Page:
Skip to Main Content
Deforestation in Mwanza District, Malawi, from 1981 to 1992 as determined from Landsat MSS imageryAuthor(s): Andrew T. Hudak; Carol A. Wessman
Source: Applied Geography. 20(2): 155-175.
Publication Series: Scientific Journal (JRNL)
Station: Rocky Mountain Research Station
PDF: View PDF (2.36 MB)
DescriptionMalawi is critically short of fuelwood, the primary energy source for its poverty-stricken populace. Deforestation from 1981 to 1992 in Mwanza District in southern Malawi was assessed using Normalized Difference Vegetation Index (NDVI) values calculated from multitemporal Landsat Multispectral Scanner (MSS) images. A control site, where vegetation change was assumed to be minimal, was used to account for the large effect of phenology on NDVI variability between images, and to reveal more subtle differences indicative of changes in percentage woody canopy cover. The average annual deforestation rate was estimated to be 1.8% in Mwanza District between 1981 and 1992.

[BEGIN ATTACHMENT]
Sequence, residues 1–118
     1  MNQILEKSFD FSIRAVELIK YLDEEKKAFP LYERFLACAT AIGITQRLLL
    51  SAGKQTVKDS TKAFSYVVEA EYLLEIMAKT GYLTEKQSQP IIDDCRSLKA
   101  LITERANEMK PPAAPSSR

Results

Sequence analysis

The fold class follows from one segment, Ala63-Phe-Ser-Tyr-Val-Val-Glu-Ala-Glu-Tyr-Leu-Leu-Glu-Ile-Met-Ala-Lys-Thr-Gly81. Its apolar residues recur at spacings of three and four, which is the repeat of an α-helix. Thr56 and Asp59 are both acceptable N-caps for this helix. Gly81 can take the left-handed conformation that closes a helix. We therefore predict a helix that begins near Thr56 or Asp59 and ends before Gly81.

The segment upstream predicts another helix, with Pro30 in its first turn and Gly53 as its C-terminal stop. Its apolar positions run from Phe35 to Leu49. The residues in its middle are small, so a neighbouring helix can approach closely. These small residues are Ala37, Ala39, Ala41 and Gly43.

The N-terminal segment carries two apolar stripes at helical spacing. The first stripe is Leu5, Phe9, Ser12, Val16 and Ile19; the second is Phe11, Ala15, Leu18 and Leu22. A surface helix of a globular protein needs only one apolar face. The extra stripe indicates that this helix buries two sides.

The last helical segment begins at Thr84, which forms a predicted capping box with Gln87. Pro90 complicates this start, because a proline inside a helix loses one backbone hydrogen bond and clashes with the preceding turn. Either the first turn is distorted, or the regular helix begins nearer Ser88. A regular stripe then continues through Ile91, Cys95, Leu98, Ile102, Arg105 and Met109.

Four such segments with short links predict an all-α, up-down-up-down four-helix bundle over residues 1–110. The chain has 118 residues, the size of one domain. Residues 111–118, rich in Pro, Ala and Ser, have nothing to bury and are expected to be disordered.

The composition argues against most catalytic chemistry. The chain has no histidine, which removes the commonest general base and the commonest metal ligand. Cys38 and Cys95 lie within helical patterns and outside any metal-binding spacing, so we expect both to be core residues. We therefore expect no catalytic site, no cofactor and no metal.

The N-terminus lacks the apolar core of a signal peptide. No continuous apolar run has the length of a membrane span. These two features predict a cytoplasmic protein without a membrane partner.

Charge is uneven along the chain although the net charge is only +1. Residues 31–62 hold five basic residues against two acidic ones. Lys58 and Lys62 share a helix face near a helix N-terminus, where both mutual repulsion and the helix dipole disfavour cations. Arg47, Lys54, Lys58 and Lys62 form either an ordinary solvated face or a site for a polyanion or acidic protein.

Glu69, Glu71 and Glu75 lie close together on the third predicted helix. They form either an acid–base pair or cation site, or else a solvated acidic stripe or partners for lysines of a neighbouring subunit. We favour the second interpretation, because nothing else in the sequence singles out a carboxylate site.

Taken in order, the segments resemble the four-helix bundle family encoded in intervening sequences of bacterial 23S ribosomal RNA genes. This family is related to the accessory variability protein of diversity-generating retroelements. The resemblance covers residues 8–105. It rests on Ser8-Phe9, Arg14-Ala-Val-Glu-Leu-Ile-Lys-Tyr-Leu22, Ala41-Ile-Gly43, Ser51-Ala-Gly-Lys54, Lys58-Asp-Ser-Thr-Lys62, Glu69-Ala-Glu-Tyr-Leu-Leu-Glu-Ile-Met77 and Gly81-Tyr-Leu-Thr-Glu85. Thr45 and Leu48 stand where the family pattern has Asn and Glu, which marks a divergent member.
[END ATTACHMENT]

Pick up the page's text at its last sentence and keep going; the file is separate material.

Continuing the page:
- You may send email to firstname.lastname@example.org to request a hard copy of this publication.
- (Please specify exactly which publication you are requesting and your mailing address.)
- We recommend that you also print this page and attach it to the printout of the article, to retain the full citation information.
- This article was written and prepared by U.S. Government employees on official time, and is therefore in the public domain.
CitationHudak, Andrew T.; Wessman, Carol A. 2000. Deforestation in Mwanza District, Malawi, from 1981 to 1992 as determined from Landsat MSS imagery. Applied Geography. 20(2): 155-175.
KeywordsAVHRR, deforestation, Landsat MSS, Malawi, Mozambique, NDVI
- Monitoring start of season in Alaska with GLOBE, AVHRR, and MODIS data
- Reanalysis of global terrestrial vegetation trends from MODIS products: Browning or greening?
- Predicting vegetation phenology in response to climate change using bioclimatic indices in Iraq
XML: View XML